Cries of the Lost: Ferguson Political Prisoner Joshua Williams Speaks

by Joshua Lamar Williams, Ferguson Uprising Political Prisoner

Age: 26

Location: Prison

For those who lost their loved ones to the hands of cops – I feel your pain. For those who cry those tears of pain – I see your tears. I know some nights it feels like you don’t want to go on without that person in your life. Well, I’m here to say you got this.

I know it might hurt. Not might – I know it does hurt, losing somebody you loved or even birthed.

I’m here speaking from my heart because right now it cries out for justice for the families who suffer that pain. I’ll stand and fight with you. This is not just any fight. This is a personal fight.

I say that because every bullet that struck your loved ones sent a message to you from the cop that did it, saying he or she don’t give two fucks, and that fatal shot said they want war. So I say we bring it to them.

I speak to the cops across the world when I say how would you feel seeing your people lying dead in the street with bullets all in their body, knowing you watched that person grow up and you might have changed their Pampers.

I’m saying it doesn’t feel good. It doesn’t feel good walking down that church walk to see your baby laying cold in a casket. You can’t hold them, laugh with them. It’s not going to keep happening at all.

How can y’all cops sleep at night knowing y’all killed a kid – a 12-year-old kid at that? If you don’t remember his name, here it is: TAMIR RICE. How y’all going to kill a teen going home from the store with a black hoodie on. If you don’t remember his name. Here it is: TRAYVON MARTIN.

What about the two people who yelled they can’t breathe? I know you cops remember them. I do: GEORGE FLOYD and ERIC GARNER. I say rest in power and peace to all the soldiers who died from the hands of police.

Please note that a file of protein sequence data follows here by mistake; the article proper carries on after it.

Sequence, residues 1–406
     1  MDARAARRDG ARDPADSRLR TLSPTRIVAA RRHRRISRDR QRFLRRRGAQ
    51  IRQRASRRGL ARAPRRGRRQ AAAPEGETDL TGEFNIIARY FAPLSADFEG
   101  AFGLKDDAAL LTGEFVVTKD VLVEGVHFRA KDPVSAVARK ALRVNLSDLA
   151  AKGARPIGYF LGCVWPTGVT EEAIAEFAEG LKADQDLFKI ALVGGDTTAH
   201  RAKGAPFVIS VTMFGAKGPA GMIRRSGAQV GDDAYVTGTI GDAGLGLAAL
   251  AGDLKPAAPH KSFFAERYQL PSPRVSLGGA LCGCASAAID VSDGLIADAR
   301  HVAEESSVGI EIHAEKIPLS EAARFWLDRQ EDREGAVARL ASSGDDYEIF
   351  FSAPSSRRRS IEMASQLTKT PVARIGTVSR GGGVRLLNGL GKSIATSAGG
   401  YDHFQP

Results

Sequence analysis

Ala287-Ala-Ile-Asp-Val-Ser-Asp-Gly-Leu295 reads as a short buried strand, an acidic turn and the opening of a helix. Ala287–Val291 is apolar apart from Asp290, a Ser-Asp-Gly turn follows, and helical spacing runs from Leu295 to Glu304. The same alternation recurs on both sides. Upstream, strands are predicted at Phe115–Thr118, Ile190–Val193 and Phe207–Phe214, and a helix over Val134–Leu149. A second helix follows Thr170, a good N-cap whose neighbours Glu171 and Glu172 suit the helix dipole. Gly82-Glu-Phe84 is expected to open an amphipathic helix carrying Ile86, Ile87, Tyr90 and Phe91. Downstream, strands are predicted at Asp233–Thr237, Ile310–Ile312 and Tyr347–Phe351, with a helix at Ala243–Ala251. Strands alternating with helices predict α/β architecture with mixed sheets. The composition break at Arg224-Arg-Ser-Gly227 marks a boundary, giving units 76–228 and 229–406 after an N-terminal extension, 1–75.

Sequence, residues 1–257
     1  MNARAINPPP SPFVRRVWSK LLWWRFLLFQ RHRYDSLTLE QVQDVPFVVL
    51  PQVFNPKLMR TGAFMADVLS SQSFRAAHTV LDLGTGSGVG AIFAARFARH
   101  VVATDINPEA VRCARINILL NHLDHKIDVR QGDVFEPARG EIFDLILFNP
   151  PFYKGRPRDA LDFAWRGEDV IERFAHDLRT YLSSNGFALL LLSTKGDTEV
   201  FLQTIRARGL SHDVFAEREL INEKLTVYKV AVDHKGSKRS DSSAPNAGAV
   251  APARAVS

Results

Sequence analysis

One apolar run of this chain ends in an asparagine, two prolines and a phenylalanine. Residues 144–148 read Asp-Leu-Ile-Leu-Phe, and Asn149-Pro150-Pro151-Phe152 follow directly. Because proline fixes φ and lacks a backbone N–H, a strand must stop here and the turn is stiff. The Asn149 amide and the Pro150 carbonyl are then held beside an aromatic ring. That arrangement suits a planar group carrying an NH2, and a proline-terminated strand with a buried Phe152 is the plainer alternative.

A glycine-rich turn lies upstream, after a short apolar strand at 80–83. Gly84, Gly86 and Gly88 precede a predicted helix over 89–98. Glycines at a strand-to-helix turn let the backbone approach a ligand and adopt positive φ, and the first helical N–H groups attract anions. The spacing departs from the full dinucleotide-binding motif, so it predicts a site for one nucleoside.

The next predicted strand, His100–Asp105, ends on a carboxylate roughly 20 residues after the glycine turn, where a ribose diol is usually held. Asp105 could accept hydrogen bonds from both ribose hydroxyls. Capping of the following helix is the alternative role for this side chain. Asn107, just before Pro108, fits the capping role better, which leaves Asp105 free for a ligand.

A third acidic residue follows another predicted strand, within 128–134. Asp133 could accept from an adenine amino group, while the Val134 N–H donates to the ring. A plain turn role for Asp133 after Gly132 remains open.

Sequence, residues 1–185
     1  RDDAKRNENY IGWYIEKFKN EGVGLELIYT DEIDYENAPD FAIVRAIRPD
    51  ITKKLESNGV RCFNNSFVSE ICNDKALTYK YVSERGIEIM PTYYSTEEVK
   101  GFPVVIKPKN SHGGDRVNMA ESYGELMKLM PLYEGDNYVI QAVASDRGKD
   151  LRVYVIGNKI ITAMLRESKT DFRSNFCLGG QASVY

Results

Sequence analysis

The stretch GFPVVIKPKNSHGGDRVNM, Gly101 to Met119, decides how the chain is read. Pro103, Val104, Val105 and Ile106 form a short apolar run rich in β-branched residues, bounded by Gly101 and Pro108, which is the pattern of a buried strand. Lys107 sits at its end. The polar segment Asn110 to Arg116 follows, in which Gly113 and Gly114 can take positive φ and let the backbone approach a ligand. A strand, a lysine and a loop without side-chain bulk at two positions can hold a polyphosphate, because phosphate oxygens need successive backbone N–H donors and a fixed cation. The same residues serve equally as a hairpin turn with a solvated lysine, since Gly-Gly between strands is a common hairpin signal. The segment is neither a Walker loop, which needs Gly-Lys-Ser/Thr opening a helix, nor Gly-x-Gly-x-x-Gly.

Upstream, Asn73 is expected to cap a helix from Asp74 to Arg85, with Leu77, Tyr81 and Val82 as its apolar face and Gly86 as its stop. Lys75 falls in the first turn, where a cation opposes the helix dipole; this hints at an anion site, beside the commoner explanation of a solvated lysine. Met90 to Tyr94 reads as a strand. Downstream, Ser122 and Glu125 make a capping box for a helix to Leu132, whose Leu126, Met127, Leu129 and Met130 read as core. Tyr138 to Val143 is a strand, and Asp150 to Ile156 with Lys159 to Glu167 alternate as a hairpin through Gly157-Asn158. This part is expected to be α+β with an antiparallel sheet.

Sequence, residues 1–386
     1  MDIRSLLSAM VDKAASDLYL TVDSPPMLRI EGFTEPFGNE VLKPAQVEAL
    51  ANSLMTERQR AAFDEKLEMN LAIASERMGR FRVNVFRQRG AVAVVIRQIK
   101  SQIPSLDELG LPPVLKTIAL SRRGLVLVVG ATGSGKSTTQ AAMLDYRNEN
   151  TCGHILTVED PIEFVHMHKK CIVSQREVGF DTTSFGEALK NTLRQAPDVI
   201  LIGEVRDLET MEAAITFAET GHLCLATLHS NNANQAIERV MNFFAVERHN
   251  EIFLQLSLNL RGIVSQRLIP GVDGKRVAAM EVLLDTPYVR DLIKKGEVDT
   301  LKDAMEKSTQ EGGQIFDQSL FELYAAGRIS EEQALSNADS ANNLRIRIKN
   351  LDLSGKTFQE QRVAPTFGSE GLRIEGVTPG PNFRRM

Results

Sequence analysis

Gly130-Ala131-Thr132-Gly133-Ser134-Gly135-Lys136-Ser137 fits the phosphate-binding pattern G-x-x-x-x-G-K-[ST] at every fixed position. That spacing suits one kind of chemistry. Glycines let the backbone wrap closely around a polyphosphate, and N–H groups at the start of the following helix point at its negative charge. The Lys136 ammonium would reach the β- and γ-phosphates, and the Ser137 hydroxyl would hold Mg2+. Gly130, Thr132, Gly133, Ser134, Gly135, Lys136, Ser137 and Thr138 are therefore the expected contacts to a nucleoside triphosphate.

The police have all that blood on their hands and their family’s hands. They can’t wash it off.

I want to say this to all the families that lost somebody due to police. I’m sorry you had to go through this but be strong. I know you heard that so much, it’s like – how strong can I be? I know it’s a lot and it is a long fight, but I’ll be here with you.

Thank you for your fight, thank you for your strength that you show each and every day. I sit in prison and think of ways to fight harder for you all every day and when I get out at the end of this year, Dec. 5, I’m going to take the fight directly to the streets again. It’s no brakes on this fight, just gas. Love y’all.

You can comment on this speech if you like and if you have any personal stories of your own and would like to write me about something the police did to you or your loved one, send them to me. Thanks to all my supporters. This could not happen without y’all, everybody across the globe. Thank you, thank you, thank you!

Send our brother some love and light: Joshua Williams, #1292002, Potosi Correctional Center, 11593 State Highway O, Mineral Point, MO 63660.

From: SF Bayview